Blockchain projects must consider cost of capital when designing their organizations. DAOs should be designs to be as capital efficient as possible. MolochDAO clearly showed that capital costs can easily outweigh other benefits of poorly designed DAOs. Of course, in the case of MolochDAO, the goal was to create a functioning experiment not a perfectly designed system. It is a valuable experiment with many excellent features but locking up huge amounts of capital was a big though perhaps inevitable mistake.
MolochDAO’s decision to lock up capital was not made without reason, flawed though that decision may have been, and blockchain builders who ignore the MolochDAO’s reasoning may fall into a bigger problem than capital costs.
Over 92% of blockchain projects fail, and in many of these cases the original developers and early stage investors scammed late comers, taking off with their investment and spending it on personal luxuries in cheap third world countries. Of course, this is more difficult in the case of a DAO where the investors and the managers are the same people. However, it is still possible as several members of the DAO can collude to make decisions that are in their best interest while damaging the interests of the organization as a whole and the remaining investors. Accordingly, DAOs should be designed with an exit mechanism that allows members to retrieve their percentage of the capital.
In MolochDAO’s case, the reason for the large amount of capital locked into the contract is to provide an assurance to its current group of investors that they can easily retrieve their investment from the DAO should they disagree with the actions of the other members. While there may be more capital efficient ways to accomplish this goal, it is a vital one that must not be ignored. For instance, with SwiftDaos, members can retrieve their percentage of the current tokens held by the DAO at any time – or sell their tokens in an auction, whichever provides a higher return. Since member’s tokens can also be sold in auction, it prevents the need for high levels of capital to be locked into the contract as an assurance. At the same time, other members cannot abuse tokens owned by the SwiftDao as dissenting members can simply withdraw their portion of the capital. This is just one solution to the problem of providing capital protection and capital efficiency simultaneously.
As Ameen Soleimani, one of the key founders of MolochDao noted, “Ethereum is only now starting to shrug off its PTSDAO.” By PTSDAO, he is referring to the horror show of the original DAO, name “The DAO” which lost $60m of investors money in a hack, forced Ethereum into a controversial fork creating Ethereum Classic, and sparked an investigation in the SEC which found that “The DAO” violated securities regulation. However, all of these issues have now been addressed and the Ethereum community is slowly coming to the realization that DAOs have far more potential than is currently being exploited.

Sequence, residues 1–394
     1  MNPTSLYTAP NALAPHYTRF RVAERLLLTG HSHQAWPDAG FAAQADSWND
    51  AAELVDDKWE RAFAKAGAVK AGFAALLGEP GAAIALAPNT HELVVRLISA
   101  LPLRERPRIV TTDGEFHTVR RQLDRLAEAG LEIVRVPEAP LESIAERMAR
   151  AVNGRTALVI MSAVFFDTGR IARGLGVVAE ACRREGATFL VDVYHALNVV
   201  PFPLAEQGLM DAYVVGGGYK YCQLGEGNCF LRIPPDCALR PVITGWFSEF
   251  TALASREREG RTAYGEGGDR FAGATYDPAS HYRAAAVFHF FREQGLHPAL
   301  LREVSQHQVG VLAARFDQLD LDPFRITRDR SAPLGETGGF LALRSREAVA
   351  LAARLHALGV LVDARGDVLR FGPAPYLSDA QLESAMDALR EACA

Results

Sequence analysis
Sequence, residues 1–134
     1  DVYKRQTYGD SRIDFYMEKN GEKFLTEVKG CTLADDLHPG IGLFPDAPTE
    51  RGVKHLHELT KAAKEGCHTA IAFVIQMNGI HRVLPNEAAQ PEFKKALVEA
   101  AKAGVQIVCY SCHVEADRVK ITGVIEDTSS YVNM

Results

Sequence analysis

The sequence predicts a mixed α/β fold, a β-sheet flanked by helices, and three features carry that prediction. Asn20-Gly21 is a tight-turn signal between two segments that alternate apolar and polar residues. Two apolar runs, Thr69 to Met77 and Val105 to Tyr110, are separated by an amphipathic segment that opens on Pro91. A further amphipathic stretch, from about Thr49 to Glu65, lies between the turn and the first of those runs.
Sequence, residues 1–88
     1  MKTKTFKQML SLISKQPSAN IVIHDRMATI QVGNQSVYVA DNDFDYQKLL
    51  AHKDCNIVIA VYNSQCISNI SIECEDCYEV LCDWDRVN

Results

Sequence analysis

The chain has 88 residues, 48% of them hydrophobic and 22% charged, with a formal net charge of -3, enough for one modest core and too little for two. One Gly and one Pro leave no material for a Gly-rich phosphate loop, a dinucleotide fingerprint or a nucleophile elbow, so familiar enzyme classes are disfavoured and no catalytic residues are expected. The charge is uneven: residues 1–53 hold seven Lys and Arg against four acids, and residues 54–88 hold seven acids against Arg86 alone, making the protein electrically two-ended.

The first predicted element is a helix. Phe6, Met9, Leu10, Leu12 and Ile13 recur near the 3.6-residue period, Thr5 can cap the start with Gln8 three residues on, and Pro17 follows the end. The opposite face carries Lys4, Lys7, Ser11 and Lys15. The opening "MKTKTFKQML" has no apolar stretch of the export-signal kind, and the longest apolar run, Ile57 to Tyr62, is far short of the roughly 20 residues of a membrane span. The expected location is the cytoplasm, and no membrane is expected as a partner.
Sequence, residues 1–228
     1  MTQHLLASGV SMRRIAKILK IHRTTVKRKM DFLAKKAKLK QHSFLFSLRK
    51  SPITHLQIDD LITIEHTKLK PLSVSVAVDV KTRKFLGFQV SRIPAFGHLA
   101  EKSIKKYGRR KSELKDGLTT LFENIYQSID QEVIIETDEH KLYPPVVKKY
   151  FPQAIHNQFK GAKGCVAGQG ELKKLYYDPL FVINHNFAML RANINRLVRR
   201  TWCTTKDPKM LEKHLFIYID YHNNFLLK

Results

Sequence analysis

For instance, on the SEC’s statement, OpenLAO believes that DAOs can be structured as LLC’s without violating any security laws in the US. SwiftDaos are designed with the ability to take any legal form they wish, but since inactive members are automatically removed SwiftDao tokens also do not qualify as securities. The potential for DAO investment without legal ramifications has opened up the playing field.
Better Ethereum contract auditing and DAO design has mitigated the other issues of “The DAO.” In this space, new DAOs have been rapidly forming in 2019. So much so that there is now a DAOincubator which has connected with 13 DAOs each performing a different function in the ecosystem. AragonOS has created an easy to use system to create new DAOs and modify them to have any feature imaginable through its network of apps. Tools by OpenZeppelin have given developers the tools to make secure smart contract projects, including DAOs, quickly and easily.
While a lot of experimentation has been occurring in the space, it has created its own problem; lack of standardization. That is the primary reason SwiftDao formed – to create a platform for investors to easily and quickly compare a wide variety of DAOs that all have implemented the best practices as learned from decentralized projects like MolochDAO as well as traditional corporate governance.
MolochDAO shows that Ethereum has moved past the stage of early experimentation and is ready to bring to prime time DAOs that can compete on the global stage with traditional corporations. No matter what your involvement in the space is, just by being here and reading this article you’re at the leading edge of the curve. Get ready for a wild ride. The markets may be down but the technology is booming.